China to boost basic research in natural resources on its path to tech self-reliance

The Chinese government has pledged to support a wide range of basic research related to natural resources to support its goal of turning the country into a science superpower.

The objectives are among the Ministry of Natural Resources’ new policy guidelines to strengthen fundamental research released by the ministry on its official social media accounts on Wednesday.

Beijing’s top leaders last month committed to building China into a major world science power by 2035, acknowledging that science and technology will be key drivers for the world’s second-largest economy as it faces external and internal challenges.



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The pledge came as China and the US compete in several arenas, including geopolitics, trade and technology. Beijing has repeatedly pledged to be self-reliant in key technologies in the face of growing efforts by Washington to limit China’s access to advanced technology in the US.

The ministry vows to actively work with the global basic research innovation community by taking part in major international projects, such as Digital Earth, research on negative ocean emissions technology, deep-sea habitats and seamless forecasts for the ocean and climate.

It said China would actively take part in important international science programmes – such as the International Continental Scientific Drilling Programme, the International Ocean Discovery Programme as well as joint laboratories and research centres – and would support international organisations and well-known scientific research institutions to set up branches in China.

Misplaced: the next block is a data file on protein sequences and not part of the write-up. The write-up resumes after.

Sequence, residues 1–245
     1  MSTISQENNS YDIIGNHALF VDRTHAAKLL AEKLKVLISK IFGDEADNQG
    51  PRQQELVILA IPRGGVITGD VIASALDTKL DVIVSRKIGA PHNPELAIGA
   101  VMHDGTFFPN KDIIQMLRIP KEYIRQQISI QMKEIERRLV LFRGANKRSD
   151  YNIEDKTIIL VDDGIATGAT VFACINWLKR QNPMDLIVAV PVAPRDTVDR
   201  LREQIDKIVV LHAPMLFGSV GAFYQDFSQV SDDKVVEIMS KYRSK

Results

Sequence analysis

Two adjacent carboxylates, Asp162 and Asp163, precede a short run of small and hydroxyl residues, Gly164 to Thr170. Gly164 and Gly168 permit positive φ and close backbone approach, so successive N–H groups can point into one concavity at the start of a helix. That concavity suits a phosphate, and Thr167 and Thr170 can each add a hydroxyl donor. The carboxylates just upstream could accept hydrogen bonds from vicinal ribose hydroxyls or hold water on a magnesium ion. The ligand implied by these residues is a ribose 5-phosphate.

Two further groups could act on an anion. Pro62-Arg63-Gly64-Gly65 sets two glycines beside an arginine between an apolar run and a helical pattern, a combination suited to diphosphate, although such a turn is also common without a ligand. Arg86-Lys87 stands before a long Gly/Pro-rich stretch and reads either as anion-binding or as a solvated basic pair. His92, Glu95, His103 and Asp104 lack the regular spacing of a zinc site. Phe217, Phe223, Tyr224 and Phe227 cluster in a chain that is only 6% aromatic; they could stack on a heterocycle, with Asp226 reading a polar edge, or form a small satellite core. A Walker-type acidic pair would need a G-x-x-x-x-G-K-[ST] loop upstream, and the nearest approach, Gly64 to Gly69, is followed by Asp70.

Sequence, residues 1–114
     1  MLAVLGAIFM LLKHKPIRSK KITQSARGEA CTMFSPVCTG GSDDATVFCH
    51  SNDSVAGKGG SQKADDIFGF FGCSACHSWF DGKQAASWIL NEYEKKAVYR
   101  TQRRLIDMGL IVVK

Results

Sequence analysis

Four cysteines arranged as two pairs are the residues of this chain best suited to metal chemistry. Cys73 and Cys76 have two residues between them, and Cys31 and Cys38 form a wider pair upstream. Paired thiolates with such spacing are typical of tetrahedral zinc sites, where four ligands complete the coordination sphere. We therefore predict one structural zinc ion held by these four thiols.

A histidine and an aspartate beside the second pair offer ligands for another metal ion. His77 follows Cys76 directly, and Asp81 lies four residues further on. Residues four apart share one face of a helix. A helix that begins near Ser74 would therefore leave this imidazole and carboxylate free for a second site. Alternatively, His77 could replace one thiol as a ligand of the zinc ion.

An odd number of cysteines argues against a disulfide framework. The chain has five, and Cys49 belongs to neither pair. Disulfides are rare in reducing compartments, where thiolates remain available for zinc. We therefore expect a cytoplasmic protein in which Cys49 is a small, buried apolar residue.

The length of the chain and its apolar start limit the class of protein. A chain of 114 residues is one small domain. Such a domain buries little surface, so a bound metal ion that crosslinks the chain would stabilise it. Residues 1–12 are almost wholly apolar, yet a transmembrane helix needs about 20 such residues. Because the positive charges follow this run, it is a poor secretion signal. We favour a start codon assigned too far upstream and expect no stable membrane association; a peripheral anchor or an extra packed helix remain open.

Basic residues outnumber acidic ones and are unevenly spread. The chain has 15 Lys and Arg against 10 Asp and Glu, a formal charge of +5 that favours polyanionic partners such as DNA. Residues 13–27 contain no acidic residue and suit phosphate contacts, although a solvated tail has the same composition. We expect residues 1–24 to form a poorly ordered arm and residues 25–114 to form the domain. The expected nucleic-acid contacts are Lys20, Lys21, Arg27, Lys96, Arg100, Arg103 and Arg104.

The ministry would also encourage regular exchanges and joint work on research projects with scientists from Hong Kong, Macau and Taiwan.

On the mainland, the ministry committed to focusing on important research directions in natural resources, such as the mineralisation pattern of strategic resources, exploring and exploiting deep-earth resources, investigating deep-sea abyss systems and ensuring the security of resource and environmental in seas in the polar regions.

It has pledged to direct a strategic basic research system that will be the source of disruptive technologies, although it did not elaborate on this goal.

The ministry’s focus on human resources includes China’s commitment to nurture a group of “strategic” scientists in the field of natural resources, boost incentives for scientific talent and optimise their appraisal system so they could focus on research.



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The ministry called for more intelligent surveying and mapping tools to be developed to help take stock of China’s resources and improve geographic information security.

It sought better understanding of ecological systems, including various landscapes, the identification of land degradation and prevention methods and development of modelling and early warning systems to detect disasters on land and at sea.



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